Proposals for a UAE dress code law have sparked debate on social media.
Hemlines go online as dress code law sparks debate
Calls for a dress code law in the UAE for tourists and residents have become the subject of much debate, here is what a few are saying on facebook.
Carol Barber: "Shoulders and knees covered, I dont have a problem with that, not sure what tourist will do though, maybe holiday else where as it is the tan and free feeling they want on holiday for most girls. But this is a muslim country and there should be some respect from holiday makers in the Malls etc. I'm often suprised to see girls in small vest and short shorts in Dubai. I'm in Al Ain and most westerners here cover the shoulders and knees unless by the pool or in the hotels then anything goes."
Christina Ann Murphy: "'Appropriateness' is so subjective and to personal taste as I'm noticing as an expat in Al Ain also. I dress modestly and respectfully always as I know I am a guest in this country; however, not all expats are on board. With the heat, it seems that more and more expats are 'taking it off.' I'm sure this embarrassed the families and the wives, especially. Not sure about legislation being passed but definitely it is a topic of concern."
Salma A Ali: "The UAE Dress Code Law was passed in 2009 and until then people didn't respect it. Promoting tourism, doesn't mean accepting indecent acts and dressing which reflect bad image of your own culture & disrespect the country you are in! It might not embarrass the wearer but it does embarrass the families and kids especially. UAE does not say to cover your head or wear Abaya but modest dressing!"
Terry Mercer: "I respect the dress code of the UAE and any country I visit, but I do not believe in a dress code mandated by the government. I see no harm in having information given out to tourist and tourist sites advising them on your customs, but not a law."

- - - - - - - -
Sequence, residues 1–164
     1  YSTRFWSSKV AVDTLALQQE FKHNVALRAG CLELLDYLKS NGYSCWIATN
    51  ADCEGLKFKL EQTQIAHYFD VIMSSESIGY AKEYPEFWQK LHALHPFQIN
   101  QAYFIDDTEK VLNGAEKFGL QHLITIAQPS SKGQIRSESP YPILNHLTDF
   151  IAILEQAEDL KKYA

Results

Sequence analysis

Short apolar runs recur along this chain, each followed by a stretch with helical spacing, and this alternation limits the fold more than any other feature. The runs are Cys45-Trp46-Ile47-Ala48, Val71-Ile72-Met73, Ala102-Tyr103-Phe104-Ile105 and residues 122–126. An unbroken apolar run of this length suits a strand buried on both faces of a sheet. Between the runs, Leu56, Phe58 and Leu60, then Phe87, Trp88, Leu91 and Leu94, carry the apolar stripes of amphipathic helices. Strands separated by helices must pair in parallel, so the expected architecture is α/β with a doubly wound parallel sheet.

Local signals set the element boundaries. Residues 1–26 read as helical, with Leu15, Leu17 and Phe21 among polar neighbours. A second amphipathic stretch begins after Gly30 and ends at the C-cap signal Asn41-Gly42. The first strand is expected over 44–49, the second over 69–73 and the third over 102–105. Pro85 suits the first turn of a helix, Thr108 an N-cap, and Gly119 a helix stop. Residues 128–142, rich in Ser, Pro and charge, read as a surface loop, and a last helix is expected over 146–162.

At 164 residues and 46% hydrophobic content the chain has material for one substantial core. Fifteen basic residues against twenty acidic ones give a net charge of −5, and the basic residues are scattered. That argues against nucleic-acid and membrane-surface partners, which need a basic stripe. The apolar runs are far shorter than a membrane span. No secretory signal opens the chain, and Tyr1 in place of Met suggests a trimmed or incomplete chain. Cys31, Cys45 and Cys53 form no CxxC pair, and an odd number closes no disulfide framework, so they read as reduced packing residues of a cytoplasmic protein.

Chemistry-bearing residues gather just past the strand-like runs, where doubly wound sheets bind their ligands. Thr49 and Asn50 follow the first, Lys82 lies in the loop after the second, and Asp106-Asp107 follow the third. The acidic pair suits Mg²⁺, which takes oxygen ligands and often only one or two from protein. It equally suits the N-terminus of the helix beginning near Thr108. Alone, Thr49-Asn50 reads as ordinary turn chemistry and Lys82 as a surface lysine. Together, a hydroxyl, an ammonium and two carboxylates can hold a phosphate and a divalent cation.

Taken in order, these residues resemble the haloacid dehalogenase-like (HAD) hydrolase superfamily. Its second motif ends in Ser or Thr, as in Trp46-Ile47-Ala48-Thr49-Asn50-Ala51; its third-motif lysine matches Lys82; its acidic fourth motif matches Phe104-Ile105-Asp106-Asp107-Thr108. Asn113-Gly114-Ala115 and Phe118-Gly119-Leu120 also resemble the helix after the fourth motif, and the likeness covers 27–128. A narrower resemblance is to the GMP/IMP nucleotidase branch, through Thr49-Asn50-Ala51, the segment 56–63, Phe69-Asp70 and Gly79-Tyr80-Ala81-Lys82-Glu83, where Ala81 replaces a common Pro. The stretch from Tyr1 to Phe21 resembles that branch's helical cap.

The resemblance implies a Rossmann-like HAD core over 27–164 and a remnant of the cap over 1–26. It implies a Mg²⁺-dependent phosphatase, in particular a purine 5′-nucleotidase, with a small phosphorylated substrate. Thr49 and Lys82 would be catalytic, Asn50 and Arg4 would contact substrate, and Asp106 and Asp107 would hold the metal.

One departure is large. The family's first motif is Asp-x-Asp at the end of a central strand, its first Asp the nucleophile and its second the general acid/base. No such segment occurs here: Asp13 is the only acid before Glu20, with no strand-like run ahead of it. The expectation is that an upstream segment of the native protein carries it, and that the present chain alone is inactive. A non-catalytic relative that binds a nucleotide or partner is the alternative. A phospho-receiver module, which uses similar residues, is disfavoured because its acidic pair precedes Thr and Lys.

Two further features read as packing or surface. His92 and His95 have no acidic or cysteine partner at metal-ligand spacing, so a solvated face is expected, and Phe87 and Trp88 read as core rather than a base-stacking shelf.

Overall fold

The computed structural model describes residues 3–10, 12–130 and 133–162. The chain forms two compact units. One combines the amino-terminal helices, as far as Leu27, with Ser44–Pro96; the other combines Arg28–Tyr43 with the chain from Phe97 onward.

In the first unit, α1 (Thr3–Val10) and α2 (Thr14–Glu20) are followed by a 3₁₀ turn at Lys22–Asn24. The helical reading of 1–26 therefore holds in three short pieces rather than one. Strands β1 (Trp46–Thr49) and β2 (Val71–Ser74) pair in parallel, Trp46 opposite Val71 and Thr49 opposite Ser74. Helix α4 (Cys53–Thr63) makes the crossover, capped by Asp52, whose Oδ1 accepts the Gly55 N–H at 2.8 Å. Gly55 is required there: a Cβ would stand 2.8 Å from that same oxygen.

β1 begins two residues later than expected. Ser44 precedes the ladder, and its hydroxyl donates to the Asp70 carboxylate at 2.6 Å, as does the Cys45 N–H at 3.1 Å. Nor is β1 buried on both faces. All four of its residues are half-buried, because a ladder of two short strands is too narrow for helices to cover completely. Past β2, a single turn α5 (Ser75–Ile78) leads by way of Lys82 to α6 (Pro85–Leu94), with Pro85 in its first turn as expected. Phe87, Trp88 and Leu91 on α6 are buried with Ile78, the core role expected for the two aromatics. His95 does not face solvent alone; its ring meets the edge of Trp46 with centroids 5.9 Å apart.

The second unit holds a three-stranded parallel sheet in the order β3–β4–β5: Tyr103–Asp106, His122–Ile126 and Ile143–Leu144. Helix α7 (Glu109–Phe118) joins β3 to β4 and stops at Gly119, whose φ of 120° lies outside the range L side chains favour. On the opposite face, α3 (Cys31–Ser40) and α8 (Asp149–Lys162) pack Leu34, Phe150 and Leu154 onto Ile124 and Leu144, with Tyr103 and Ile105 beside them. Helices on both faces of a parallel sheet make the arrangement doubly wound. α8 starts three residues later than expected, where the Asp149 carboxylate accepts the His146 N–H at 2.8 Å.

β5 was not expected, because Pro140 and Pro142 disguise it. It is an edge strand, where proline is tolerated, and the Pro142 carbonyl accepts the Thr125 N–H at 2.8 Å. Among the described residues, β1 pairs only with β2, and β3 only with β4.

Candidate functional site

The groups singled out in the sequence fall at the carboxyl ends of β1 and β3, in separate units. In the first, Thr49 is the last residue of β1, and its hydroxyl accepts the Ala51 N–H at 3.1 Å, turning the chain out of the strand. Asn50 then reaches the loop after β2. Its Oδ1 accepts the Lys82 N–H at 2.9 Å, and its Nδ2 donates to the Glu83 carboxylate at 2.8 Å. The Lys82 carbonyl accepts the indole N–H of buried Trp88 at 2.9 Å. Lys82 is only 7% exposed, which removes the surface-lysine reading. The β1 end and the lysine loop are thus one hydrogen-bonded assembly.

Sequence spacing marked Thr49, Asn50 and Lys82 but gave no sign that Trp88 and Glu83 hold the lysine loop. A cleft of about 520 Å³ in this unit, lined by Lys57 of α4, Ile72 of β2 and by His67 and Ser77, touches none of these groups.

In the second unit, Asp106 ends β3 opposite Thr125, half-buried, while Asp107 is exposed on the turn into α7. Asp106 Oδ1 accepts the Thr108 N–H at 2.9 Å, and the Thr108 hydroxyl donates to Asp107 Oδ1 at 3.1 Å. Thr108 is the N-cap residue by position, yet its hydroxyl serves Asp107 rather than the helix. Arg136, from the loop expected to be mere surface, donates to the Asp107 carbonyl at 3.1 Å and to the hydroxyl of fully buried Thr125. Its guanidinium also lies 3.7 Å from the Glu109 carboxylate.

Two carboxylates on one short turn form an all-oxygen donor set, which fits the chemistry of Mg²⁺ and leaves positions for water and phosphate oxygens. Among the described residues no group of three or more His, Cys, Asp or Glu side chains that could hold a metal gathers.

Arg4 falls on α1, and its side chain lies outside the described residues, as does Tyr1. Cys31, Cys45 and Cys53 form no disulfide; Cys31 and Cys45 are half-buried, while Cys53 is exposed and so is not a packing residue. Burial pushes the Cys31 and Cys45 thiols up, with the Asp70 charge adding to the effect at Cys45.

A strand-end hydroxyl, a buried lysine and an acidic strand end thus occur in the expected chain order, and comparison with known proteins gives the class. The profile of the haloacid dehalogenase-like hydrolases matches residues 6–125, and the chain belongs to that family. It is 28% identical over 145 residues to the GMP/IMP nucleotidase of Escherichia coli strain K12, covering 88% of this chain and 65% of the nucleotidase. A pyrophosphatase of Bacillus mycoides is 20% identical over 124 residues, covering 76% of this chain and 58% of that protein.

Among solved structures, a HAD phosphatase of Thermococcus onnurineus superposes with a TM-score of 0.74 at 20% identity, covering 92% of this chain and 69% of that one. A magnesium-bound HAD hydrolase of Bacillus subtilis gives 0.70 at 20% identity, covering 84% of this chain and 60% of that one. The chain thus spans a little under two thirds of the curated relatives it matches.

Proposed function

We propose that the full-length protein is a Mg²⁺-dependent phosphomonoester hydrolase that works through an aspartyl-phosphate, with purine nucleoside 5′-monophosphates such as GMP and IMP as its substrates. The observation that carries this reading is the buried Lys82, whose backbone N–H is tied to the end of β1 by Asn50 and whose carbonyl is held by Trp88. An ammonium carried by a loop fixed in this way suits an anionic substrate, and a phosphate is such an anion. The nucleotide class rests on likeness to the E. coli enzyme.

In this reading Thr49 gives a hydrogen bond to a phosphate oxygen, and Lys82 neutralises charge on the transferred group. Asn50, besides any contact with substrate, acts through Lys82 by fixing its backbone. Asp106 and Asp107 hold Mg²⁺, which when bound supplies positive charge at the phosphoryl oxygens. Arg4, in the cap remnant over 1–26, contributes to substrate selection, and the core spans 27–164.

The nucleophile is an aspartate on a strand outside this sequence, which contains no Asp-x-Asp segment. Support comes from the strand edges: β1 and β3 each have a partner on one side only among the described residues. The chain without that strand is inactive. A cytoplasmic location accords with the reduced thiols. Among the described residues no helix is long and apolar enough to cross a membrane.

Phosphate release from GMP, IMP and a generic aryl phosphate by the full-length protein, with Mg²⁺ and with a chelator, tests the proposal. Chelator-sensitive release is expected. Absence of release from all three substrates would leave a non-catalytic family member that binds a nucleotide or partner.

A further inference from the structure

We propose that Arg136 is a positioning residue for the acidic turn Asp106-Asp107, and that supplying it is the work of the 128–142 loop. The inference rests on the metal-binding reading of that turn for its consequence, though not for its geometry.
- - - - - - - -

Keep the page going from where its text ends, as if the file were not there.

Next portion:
Wendy Mark: "I agree that guidelines should be issued, perhaps on checking in at hotels. Any law would be unenforceable, without huge numbers of arrests, and could kill the tourist industry. I do cringe sometimes at seeing skimpily clad expats out in public. It's ignorance on their part and does show a lack of respect. Perhaps we could have similar guidelines in the UK."
Andrew Biggs: "Rather than 'enforcing' a law, rule or otherwise...the better option would be simply to include a 'cultural awareness' info card as an arrivals card when you enter the UAE on an aircraft or boat. Loads of countries do this for things like health, safety and quarantine information. Make people fill out incoming passenger information, then on the back simply have a really basic list of 'cultural awareness' stuff. Include the line 'By signing this passenger card, you have read and understood the information and guidelines for entering into the UAE' and there you have it. No excuses for not abiding by this stuff. Honey attracts more flies than water. Positive reinforcement is what these kind of cultural respect things need, not negative."
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